You’ve read a lot about post-activation potentiation (PAP) on Breaking Muscle lately. PAP goes like this: lift something heavy, rest a little, perform above expectations on a light-weight activity. It’s been proven useful for sprinting and rowing.Today’s study examines whether PAP can be useful for vertical jump.
The study, published in the Journal of Strength and Conditioning Research, used 13 young adult men to test the effect of heavy back squats just prior to performing vertical jump. Researchers wanted to determine two things: How heavy should the back squat be loaded? And how much rest is optimal between the squats and the vertical jump? Participants got a short warmup and then performed back squats at 56%, 70%, or 93% of 1RM. Then participants were tested on vertical jump immediately after the back squat and again at 2, 4, 8, and 12 minutes after the squats.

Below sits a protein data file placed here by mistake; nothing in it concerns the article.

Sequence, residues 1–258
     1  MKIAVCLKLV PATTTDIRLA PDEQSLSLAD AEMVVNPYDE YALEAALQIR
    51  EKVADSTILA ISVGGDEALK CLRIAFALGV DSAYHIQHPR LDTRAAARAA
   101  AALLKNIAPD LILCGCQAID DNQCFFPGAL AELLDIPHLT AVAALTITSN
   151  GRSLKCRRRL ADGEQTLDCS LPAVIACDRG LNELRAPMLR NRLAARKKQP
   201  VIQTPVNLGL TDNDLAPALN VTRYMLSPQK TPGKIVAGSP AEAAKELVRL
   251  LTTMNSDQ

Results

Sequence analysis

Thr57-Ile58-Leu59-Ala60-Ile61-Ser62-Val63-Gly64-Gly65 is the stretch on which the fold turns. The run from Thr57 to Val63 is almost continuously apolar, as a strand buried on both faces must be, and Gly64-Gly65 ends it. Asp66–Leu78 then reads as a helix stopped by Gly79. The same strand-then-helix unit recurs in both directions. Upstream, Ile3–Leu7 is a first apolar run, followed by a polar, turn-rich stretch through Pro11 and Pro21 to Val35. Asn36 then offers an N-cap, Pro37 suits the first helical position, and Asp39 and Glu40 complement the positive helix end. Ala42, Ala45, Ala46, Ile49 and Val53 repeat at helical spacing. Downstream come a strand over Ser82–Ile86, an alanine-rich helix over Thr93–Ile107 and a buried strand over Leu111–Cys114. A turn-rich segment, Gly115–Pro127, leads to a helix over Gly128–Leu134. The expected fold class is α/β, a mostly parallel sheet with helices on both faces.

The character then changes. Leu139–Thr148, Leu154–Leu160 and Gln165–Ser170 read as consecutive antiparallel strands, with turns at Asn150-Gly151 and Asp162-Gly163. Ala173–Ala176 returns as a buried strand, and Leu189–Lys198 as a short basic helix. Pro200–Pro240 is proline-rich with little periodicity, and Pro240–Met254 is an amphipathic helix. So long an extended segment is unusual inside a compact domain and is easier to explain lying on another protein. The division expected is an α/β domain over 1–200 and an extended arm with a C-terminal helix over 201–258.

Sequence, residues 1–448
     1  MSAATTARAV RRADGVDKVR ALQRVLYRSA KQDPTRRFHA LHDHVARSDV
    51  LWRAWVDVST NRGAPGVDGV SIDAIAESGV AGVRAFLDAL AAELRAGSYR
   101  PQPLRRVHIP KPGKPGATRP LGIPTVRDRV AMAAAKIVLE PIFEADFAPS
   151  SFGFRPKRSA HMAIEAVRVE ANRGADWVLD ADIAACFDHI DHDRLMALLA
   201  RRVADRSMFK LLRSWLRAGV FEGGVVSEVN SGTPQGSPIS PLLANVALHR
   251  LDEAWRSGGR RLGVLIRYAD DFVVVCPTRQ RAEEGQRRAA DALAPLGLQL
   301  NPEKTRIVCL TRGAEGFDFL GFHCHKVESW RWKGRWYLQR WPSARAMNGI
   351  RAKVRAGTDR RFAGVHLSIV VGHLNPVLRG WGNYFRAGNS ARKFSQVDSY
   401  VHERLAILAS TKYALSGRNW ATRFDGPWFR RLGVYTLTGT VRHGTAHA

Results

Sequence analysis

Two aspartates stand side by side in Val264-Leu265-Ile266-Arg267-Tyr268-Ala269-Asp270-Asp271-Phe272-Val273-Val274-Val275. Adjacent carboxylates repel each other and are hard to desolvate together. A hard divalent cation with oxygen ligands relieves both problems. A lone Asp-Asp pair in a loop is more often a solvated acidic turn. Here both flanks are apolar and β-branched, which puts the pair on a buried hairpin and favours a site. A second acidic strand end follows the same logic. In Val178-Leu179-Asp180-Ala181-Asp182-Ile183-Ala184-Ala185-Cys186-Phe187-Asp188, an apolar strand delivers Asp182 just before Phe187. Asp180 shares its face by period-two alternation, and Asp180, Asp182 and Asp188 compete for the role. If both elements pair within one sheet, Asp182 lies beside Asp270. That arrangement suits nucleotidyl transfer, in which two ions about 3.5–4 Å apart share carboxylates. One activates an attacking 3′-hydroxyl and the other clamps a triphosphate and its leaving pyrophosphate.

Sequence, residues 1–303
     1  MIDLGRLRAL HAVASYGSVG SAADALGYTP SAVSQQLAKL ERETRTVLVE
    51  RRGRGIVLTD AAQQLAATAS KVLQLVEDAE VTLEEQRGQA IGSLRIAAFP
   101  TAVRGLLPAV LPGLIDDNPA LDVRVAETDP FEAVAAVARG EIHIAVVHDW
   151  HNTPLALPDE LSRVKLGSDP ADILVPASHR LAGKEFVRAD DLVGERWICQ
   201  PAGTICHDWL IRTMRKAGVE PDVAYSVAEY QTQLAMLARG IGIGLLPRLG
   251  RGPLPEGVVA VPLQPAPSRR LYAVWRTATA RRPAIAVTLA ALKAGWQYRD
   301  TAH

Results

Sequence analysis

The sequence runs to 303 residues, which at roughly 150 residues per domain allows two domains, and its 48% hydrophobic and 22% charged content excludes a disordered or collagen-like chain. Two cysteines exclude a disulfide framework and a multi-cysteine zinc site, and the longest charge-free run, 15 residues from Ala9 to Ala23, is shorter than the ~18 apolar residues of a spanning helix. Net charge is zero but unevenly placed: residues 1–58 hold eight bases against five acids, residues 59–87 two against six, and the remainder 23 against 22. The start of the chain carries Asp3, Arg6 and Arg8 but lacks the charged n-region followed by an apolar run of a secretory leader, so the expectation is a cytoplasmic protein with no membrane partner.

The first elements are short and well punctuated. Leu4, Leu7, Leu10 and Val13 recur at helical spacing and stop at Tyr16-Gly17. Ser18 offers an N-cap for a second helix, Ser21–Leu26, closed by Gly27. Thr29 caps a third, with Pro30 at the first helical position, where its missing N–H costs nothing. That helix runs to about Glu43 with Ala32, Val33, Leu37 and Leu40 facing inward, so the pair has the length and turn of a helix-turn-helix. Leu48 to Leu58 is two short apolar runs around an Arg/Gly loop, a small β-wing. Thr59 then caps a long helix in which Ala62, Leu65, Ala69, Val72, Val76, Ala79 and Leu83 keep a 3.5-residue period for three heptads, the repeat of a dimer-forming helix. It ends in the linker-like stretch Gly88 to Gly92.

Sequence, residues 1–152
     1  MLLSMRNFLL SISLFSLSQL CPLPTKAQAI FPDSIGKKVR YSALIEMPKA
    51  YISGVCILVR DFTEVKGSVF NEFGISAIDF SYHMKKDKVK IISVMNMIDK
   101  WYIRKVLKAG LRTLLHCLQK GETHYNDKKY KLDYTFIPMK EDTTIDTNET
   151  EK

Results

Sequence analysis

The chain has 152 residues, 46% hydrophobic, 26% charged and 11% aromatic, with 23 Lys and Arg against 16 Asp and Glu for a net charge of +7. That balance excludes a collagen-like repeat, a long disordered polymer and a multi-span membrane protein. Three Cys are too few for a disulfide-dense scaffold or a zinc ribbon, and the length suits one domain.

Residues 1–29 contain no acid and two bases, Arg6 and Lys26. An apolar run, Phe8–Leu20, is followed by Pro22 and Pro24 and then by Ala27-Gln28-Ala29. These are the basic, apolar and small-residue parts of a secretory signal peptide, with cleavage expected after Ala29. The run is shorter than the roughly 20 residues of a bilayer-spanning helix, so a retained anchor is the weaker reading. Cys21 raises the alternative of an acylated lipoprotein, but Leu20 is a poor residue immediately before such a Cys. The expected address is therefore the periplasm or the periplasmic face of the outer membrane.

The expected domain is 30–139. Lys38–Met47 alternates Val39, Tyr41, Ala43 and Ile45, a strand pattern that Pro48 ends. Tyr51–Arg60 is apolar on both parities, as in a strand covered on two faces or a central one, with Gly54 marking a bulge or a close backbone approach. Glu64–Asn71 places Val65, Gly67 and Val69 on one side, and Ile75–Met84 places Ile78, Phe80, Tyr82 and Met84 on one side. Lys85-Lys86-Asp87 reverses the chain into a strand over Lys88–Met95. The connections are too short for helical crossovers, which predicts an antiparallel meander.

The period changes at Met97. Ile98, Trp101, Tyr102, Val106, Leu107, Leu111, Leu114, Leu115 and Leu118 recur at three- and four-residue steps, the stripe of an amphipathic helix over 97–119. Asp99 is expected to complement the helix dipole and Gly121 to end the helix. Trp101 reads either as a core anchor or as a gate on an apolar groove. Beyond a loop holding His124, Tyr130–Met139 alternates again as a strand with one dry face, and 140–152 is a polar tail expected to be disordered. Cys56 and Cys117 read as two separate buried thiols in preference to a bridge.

The results? First, the lowest intensity squats at 56% 1RM had no effect at all – either immediately after the squats or after any amount of rest. Apparently, if you want the PAP effect then you must lift heavier. The 70% intensity squats definitely had an effect. Vertical jump peaked at 4 minutes after the squats and returned to normal after 8 minutes. The highest intensity squats at 93% 1RM had the greatest effect. Vertical jump peaked at 8 minutes and returned to normal by 12 minutes.
These results tell a pretty clear story. Higher intensity lifts give a greater PAP effect than lower intensity lifts. However, higher intensity lifts require a little longer for the effect to peak. In all cases, it appears that the PAP effect is active from about 4 to 10 minutes after the heavy lifts, and the effect is totally gone 12 minutes after the heavy lifts.
So if you want to perform your absolute best at some type of lightly loaded activity like sprinting, rowing, or jumping, then consider using PAP. Choose a lift that activates the same general muscle groups that you’ll be using during the unloaded activity. Lift a few reps at 70-90% of 1RM for the greatest effect. Rest at least 4 minutes, and then enjoy a new PR.
1. Lowery, Ryan, et. al. The Effect of Potentiating Stimuli Intensity Under Varying Rest Periods on Vertical Jump Performance and Power. Journal of Strength and Conditioning Research 26:12, 3320-3325, Dec 2012.
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